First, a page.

The week of Valentine’s I was in the TTU production of the Vagina Monologues. Now this is a play that I was well familiar with. I played the receptionist and did some introductory pieces as well—but no out and out monologue pieces so to speak. What was different with this production, the sixth one at TTU, is that this time, there were protesters. I would’ve expected there to be protesters the first time around, but the sixth? My massive ego just assumed it was because this was the first time I was actually in the play.
I didn’t have to walk through the protesters. The first night there were close to 30. The second and third nights, just a handful. On the final night, supporters of the play came with their own signs. From what I heard, even the protesters were not in agreement.
The two things I found most intriguing are the following. The first, and I fall in this category; the cast members completely supported the protesters right to protest. They were all about the right to stand up for what you believe in. When you think about what’s going on in the world, and you think about what it’s like to live in other countries where freedom of expression just doesn’t happen without dire consequences. Protesters turn out to be a marvelous thing.
The other intriguing but not so surprising thing is, with, I believe, one exception, the protesters had not read or seen the play. And that is my bone of contention with any protest or complaint, whether it is about a play, movie, book, or work of art. If you have not experienced it first, then how did it offend you? I find many of ABC’s comedies extremely offensive because they are poorly written. However, I don’t care enough to protest. I simply don’t watch them again.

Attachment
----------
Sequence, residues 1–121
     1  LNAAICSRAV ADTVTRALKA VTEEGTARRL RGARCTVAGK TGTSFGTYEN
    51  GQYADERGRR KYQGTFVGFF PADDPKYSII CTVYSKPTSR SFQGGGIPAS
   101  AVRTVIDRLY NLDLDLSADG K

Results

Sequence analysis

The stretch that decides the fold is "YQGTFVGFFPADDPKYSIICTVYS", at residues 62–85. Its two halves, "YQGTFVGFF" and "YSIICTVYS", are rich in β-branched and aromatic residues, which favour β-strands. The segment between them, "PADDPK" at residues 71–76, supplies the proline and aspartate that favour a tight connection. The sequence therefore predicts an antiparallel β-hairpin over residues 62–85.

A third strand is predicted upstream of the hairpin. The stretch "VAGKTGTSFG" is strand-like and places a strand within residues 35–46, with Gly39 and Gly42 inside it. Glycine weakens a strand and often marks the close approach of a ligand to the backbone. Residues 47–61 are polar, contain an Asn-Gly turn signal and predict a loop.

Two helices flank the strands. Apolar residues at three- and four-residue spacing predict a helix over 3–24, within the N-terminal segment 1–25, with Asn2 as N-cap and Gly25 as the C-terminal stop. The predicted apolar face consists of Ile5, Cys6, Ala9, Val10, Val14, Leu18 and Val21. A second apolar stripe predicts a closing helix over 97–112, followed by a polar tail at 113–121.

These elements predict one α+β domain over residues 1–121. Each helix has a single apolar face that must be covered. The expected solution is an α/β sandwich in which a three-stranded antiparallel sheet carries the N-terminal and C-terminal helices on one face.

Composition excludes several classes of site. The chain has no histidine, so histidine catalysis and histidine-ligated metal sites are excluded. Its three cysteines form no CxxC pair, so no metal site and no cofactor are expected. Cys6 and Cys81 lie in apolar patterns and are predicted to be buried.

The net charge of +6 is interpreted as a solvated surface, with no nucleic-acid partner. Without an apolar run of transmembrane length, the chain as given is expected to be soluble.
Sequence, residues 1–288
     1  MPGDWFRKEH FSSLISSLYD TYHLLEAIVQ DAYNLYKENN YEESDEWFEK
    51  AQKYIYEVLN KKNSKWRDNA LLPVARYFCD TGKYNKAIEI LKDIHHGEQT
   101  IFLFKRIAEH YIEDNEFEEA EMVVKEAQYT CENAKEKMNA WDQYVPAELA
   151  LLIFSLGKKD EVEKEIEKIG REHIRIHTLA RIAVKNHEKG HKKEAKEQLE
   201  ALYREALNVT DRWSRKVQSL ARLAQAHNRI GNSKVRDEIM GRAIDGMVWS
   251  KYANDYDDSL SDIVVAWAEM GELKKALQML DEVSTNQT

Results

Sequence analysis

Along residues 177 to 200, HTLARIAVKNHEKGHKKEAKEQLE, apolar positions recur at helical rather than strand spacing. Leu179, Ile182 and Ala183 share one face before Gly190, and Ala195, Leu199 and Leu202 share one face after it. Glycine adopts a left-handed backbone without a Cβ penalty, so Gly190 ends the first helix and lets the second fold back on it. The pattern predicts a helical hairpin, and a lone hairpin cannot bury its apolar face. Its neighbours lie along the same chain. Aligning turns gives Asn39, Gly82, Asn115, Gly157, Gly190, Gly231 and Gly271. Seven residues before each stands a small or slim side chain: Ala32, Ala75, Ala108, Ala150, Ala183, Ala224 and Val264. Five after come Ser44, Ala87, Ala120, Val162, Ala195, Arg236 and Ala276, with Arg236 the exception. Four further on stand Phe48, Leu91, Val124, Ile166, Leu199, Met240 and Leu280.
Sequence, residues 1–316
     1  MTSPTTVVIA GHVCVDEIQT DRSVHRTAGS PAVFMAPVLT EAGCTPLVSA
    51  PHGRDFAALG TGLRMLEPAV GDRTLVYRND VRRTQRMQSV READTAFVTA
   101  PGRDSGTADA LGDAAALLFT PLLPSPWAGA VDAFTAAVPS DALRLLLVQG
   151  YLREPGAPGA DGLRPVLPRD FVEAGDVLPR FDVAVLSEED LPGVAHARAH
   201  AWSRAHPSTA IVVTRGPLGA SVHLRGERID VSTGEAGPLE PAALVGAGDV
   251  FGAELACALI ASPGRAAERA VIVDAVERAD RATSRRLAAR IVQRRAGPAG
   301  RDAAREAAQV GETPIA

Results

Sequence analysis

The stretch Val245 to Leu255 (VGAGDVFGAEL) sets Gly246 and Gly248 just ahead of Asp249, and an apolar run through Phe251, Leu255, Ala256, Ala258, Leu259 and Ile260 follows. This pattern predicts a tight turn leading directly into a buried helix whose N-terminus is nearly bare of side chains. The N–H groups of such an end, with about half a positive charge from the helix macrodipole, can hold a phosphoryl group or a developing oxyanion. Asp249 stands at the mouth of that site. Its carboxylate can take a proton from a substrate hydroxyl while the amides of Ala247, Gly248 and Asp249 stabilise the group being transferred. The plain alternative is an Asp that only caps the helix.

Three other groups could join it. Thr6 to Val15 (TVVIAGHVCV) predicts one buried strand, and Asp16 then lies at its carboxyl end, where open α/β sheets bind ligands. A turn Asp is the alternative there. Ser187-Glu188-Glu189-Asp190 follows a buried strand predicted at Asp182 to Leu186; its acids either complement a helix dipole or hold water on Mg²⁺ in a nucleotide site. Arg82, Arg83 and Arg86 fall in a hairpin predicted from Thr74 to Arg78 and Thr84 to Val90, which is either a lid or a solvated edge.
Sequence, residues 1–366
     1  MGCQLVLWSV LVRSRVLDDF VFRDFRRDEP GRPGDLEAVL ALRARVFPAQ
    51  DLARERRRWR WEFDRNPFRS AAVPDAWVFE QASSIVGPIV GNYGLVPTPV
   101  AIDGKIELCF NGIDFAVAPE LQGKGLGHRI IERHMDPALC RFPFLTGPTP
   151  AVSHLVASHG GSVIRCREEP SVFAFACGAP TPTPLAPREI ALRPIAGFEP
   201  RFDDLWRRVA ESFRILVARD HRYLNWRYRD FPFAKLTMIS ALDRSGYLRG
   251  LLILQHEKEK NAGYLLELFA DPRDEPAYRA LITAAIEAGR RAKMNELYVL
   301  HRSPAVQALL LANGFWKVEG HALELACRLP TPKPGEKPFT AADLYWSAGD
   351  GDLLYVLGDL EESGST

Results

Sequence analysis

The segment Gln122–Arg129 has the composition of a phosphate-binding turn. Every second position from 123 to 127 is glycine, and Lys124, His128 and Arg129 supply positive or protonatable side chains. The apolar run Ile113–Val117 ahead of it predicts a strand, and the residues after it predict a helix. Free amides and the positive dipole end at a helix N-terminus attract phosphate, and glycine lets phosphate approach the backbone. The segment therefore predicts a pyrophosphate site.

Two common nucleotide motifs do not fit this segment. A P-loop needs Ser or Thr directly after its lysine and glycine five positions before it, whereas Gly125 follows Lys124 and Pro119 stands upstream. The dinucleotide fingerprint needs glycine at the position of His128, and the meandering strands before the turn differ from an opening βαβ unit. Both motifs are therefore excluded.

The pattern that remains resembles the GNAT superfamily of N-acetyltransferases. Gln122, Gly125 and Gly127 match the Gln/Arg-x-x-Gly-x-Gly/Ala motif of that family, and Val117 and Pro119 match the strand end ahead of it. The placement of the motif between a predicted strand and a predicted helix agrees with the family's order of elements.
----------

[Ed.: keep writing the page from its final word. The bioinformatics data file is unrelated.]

I applaud that you are giving up your evening to accost strangers and even hurl profanities at cast members. OK, I don’t applaud that. But you’ve made the time to spend an hour and a half in the cold while people are waiting to see a play. A play that in many cases features their friends, their daughters, their co-workers. And you want to discourage those in line from seeing it. That’s cool and all. I just think that whenever you’re protesting anything, you shouldn’t be sheep. Don’t do it because some guy told you to. Find out for yourself if it’s so very wrong that you feel compelled to take a stand. Whatever it may be.
That goes for haters of Huckleberry Finn, Harry Potter, and Of Mice and Men, Robert Mapplethorpe’s art, Tarantino films and Madonna videos. Experience it first. Decide for yourself. Then, I totally and wholeheartedly support your protest. I just like people to know what they’re complaining about, that’s all. That’s what I want to take a stand about.
As to the success of this production of the Vagina Monologues? It sold out every night. People were turned away. They lined up an hour and a half before show time just to try and get in the door. And no one got out of line because of the protesters. There’s always discussion after the play. Many people were moved to tears by the emotional impact of some of the serious, international monologues. And, because I was onstage during the entire show, I can tell you that the audience laughed during the, shall we say, saltier monologues. Eve Ensler is the author. The play is worth reading. I know I had a great experience being involved in the production. I also knew what I was getting myself into ahead of time. Which is how I am with most everything I do. I was never a Boy Scout. But I do like to be prepared.